> > First, the bent answer: I assume you are asking if I think SK is
                        > saying
                        > > that there is an ending of despair in the transition from the
                        esthetic
                        > > to the ethical. If so, a straight answer follows:
                        > >
                        > > Yes, I think that; and if you were to ask me to show why I think
                        that,
                        > I
                        > > have collected below a few of the quotes I would use to show the
                        why
                        > of
                        > > that thinking. I would assume that your counter to these quotes is
                        > that
                        > > they are talking about the 'leap' to Religiousness-B, instead of
                        the
                        > > transition from the esthetic to the ethical, and off we would go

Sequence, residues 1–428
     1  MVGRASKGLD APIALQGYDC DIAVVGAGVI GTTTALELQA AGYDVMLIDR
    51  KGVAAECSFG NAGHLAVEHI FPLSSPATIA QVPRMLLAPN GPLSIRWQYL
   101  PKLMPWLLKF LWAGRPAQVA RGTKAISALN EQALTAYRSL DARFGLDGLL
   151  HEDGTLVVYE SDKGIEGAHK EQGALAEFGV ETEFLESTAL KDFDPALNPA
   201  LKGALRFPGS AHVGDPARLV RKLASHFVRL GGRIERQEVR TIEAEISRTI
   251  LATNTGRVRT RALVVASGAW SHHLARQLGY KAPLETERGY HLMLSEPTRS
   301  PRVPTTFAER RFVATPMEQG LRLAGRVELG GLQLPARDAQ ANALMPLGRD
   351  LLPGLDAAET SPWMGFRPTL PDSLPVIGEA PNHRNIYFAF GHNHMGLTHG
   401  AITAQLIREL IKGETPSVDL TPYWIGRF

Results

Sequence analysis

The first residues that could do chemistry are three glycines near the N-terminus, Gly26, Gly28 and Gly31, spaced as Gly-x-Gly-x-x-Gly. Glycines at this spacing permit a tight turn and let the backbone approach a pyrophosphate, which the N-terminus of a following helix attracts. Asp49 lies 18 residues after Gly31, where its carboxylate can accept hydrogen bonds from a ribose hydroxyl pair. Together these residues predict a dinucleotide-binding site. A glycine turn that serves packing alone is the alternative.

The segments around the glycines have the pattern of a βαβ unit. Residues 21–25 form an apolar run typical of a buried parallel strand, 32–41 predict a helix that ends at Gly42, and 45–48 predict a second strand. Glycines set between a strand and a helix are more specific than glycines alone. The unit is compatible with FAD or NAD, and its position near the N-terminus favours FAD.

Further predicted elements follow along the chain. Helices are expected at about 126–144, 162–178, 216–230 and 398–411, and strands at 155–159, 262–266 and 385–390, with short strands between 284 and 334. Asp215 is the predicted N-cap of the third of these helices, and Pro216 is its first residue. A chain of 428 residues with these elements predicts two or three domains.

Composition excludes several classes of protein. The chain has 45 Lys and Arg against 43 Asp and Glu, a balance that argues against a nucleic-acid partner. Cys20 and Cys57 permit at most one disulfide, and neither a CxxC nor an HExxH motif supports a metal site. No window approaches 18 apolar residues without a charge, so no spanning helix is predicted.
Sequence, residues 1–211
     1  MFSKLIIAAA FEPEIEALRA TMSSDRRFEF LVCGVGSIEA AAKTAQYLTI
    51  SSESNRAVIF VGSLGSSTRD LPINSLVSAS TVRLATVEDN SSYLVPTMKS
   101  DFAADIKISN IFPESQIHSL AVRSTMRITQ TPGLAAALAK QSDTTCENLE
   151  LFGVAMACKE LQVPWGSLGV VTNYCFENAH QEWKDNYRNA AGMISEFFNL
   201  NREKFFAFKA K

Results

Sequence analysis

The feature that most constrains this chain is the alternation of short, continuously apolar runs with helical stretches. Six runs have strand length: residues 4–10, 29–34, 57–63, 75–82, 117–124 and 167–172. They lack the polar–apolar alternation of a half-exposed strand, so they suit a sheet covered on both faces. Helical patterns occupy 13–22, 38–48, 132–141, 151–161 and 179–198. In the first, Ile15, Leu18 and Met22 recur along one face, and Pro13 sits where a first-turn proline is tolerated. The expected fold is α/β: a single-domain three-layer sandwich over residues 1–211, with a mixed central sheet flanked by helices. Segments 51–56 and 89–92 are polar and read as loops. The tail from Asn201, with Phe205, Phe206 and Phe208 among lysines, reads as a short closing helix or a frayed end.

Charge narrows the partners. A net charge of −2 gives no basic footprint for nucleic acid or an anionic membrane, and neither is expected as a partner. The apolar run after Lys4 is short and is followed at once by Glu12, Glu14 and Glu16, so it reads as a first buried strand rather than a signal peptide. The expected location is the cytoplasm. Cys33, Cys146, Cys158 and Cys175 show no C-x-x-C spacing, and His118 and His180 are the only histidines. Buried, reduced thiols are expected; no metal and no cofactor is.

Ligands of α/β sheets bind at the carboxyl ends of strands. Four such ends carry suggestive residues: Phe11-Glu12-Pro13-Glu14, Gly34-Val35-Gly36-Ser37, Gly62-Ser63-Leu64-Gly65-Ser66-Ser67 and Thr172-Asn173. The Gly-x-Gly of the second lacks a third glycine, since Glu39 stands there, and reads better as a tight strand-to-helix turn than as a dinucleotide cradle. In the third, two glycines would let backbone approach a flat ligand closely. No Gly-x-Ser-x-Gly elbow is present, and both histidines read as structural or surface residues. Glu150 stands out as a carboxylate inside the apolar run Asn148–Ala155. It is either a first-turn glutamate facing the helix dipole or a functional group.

> again.
                        > > [wb]
                        > >
                        > > "Despair is a disrelationship in one's innermost being; no fate or
                        > event
                        > > can penetrate so far and so deep; events can only make
                        > manifest—that
                        > > the disrelationship was there. For this reason there is only
                        assurance
                        > > against despair: to undergo the transformation of the eternal
                        through
                        > > 'you shall'; everyone who has not undergone this transformation
                        is in
                        > > despair. For this reason there is only one assurance against
                        despair:
                        > to
                        > > undergo the transformation of the eternal through duty's "you
                        shall";
                        > > everyone who has not undergone this transformation is in despair."
                        > (WL,